64% of women experience microaggression in the workplace.

Derald Wing Sue, the preeminent psychologist on microaggressions, defines them as “brief and commonplace daily verbal, behavioral, and environmental indignities, whether intentional or unintentional, that communicate hostile, derogatory, or negative racial, gender, sexual orientation, and religious slights and insults to the target person or group.”

Microaggression is powerful because it’s subtle and pervasive. Ugly biases come to light when, for example:

  • A female doctor is automatically assumed to be a nurse.
  • The new hire who is of Indian descent is complimented on her “excellent English”.
  • An attorney is described as “too nice” to be put on a tough case.

Gender and Power

Microaggressions are most often directed towards those who have less power, women in particular.  According to a report out of the University of New Hampshire, types of gender microaggression include: 

  • Sexual objectification
  • Use of sexist language
  • Assumption of inferiority
  • Restrictive gender roles
  • Denial that sexism is real
  • Invisibility
  • Sexist humor

“Because microaggressions are often communicated through language, it is very important to pay attention to how we talk, especially in the workplace and other social institutions like classrooms, courtrooms, and so on,” says Christine Mallinson, professor of language, literacy, and culture at the University of Maryland.

Indeed, though microaggression can be behavioral (i.e. a man standing uncomfortably close to his female colleague), it is more often verbal.  Language is used as a weapon to undermine, discount, or invalidate.  For example, women who negotiate for a raise or promotion are 30% more likely than men to be told they are “bossy” or “too aggressive”.

Leanin.org’s Women in the Workplace report found the following gender disparities among microaggressive behavior:

  • Being addressed unprofessionally:

16% men         26% women 

  • Hearing demeaning remarks about yourself or those like you:

10% men         16% women

  • Your judgement is questioned in your area of expertise:

27% men         26% women

  • Needing to provide extra evidence of your competence:

16% men         31% women

It’s Death by 1,000 Papercuts

Often, the power of microaggression lies in its very ubiquity, which is why many refer to it as “death by a thousand paper cuts”. 

“Thanks, sweetie,” says your male colleague when you hold open the elevator door for him.  Chances are, he would not use an endearing term towards a male colleague.  Chances are, too, that speaking up exposes you to denial and or further humiliation (“I was just being nice!” or “Jeez, is it that time of the month?”)  In such a moment, it can be easier just to let it go.

These interactions are so commonplace they tend to be internalized. After all, it wasn’t that big of a deal.  Right? “I know what it is, it happens all the time, but I can’t really explain it or describe it,” said Robin Boylorn, a 40-year-old associate professor of interpersonal and intercultural communication at the University of Alabama. “Sometimes when we explain it or describe it, it’s not tangible; it doesn’t feel like a real thing.”

But it is a real thing.  Microaggression has a cumulative negative impact on those who experience it.  Besides a pervasive sense of invalidation, these everyday indignities can lead to:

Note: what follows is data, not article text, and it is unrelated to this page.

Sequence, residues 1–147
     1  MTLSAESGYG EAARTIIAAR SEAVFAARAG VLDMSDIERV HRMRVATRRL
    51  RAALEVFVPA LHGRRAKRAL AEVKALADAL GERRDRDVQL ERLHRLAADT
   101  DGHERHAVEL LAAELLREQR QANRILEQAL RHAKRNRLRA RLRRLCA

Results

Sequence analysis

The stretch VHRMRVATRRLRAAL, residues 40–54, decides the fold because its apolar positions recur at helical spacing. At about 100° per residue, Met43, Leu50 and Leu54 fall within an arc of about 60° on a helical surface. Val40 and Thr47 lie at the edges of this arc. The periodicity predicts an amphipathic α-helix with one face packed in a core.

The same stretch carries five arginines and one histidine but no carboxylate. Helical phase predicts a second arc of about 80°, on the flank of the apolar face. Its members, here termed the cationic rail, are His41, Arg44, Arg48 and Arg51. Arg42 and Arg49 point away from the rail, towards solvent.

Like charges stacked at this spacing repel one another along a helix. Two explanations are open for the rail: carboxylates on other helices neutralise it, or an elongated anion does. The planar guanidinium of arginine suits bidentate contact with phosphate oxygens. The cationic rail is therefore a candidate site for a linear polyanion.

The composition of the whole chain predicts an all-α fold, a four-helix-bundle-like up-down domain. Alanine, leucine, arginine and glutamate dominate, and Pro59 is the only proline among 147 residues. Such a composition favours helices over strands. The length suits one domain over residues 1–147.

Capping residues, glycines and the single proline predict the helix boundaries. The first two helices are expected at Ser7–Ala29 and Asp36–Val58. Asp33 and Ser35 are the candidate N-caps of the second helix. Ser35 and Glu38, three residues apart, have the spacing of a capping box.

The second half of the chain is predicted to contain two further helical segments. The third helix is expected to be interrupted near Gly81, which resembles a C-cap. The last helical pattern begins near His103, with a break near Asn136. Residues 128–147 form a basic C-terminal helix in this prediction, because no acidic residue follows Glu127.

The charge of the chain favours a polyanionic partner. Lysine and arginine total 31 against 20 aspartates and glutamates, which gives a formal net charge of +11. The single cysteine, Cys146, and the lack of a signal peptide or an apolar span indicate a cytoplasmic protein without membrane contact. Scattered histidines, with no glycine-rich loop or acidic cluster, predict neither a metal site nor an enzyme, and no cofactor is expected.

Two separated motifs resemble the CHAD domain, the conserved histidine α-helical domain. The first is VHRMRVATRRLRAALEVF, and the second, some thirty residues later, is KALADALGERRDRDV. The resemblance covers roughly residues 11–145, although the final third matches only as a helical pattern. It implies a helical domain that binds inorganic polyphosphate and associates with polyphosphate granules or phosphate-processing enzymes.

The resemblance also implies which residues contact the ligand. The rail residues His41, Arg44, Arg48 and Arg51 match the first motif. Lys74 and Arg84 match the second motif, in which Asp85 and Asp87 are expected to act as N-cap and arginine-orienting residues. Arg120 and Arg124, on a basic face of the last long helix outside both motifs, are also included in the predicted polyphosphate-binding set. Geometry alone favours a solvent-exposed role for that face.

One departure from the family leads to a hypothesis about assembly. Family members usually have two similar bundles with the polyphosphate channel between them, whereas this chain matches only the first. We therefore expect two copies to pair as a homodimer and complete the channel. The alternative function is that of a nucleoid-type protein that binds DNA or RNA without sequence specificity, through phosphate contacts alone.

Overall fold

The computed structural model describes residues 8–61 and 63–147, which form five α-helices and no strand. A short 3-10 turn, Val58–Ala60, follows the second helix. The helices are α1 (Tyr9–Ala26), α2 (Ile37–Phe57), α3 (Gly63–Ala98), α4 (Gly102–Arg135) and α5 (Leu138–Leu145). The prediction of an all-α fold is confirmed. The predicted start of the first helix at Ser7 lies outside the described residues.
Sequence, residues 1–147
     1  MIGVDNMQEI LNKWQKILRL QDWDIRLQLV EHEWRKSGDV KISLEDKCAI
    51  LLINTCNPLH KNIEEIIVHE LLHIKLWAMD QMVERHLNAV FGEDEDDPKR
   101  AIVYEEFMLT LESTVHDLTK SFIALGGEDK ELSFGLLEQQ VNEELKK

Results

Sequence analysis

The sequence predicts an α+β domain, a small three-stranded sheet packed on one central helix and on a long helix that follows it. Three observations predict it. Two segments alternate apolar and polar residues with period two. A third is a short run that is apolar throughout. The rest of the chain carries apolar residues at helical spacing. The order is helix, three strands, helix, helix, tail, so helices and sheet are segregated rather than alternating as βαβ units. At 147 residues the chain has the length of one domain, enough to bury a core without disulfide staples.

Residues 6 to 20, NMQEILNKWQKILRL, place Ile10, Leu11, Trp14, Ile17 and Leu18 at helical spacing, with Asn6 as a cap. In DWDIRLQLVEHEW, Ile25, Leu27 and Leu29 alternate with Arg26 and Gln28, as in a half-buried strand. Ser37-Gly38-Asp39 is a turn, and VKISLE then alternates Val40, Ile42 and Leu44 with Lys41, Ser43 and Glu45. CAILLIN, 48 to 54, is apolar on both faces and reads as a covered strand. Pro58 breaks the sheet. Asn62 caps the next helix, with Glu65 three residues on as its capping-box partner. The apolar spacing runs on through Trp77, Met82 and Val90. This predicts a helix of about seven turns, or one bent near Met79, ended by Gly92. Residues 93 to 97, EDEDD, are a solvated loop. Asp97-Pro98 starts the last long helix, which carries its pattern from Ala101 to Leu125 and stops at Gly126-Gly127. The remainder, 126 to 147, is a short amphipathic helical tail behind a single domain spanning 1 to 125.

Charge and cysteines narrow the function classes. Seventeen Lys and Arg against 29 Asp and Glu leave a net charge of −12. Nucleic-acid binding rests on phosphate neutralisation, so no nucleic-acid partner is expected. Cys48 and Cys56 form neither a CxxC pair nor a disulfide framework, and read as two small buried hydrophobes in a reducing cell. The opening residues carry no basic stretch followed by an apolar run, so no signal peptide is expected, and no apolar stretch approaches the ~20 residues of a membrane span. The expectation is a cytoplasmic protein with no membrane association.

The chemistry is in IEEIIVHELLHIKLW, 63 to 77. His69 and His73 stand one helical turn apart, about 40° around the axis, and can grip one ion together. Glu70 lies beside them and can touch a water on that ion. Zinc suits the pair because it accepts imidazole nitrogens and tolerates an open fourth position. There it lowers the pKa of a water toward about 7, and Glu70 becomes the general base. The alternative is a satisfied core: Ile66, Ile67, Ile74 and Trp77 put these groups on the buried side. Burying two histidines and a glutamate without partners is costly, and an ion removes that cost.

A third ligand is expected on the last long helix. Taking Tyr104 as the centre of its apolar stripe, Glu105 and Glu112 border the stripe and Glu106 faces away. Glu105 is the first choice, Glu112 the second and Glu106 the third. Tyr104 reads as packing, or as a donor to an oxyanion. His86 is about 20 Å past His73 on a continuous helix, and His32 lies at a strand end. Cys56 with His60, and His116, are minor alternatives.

• Increased self-doubt
  • Loss of motivation and sense of purpose
  • An unwillingness to speak up in meetings and take professional risks
  • Physical and psychological impairment

It’s Time to Take Action

Remarks or misplaced humor that question a worker’s competence or belonging can reflect a larger culture of inequality.  While microaggression refers to everyday, often casual, indignities macroaggression occurs on a systemic level.  Macroaggression is rife at firms that have unequal pay practices or otherwise inequitable conditions.

As a leader, how can you help your firm fight to become more equitable – and more high-performing?

  1. Train employees on implicit bias.

Often, acts of microaggression are unintentional.  If workers are made aware of how their unconscious behaviors hurts others, they may be less likely to act disrespectfully.

  1. Call out microaggression when you see it.

Ask the perpetrator to clarify, and then express your disagreement with his sentiment.  This can disarm the power of microaggression.

  1. Ensure corporate policies are equal

Take a close look at how pay, flexibility, are support are offered at your firm.  Is it truly equitable?

  1. Ensure accountability

In another era, those who engage in demeaning behavior towards others were socially rewarded. Today, microaggression is something to be called out and snuffed out.

It’s time to take a serious look at the culture of micro and macro aggression within our organizations. 


Ready to explore how we can help you or your organization promote a culture of respect and equity?

Let’s talk.  Schedule a 20-minute call to discuss your needs and determine whether a coaching or consulting program is right for you or your company.


Carson serves as a consultant to executives at Fortune 500 companies. The author of Work Simply: Embracing the Power of Your Personal Productivity Style, her views have been included in Bloomberg Businessweek, Fast Company, Forbes, Harvard Business Review blog, and The New York Times.


  • Carson Tate

    Productivity Consultant •Speaker • Author • Leadership Coach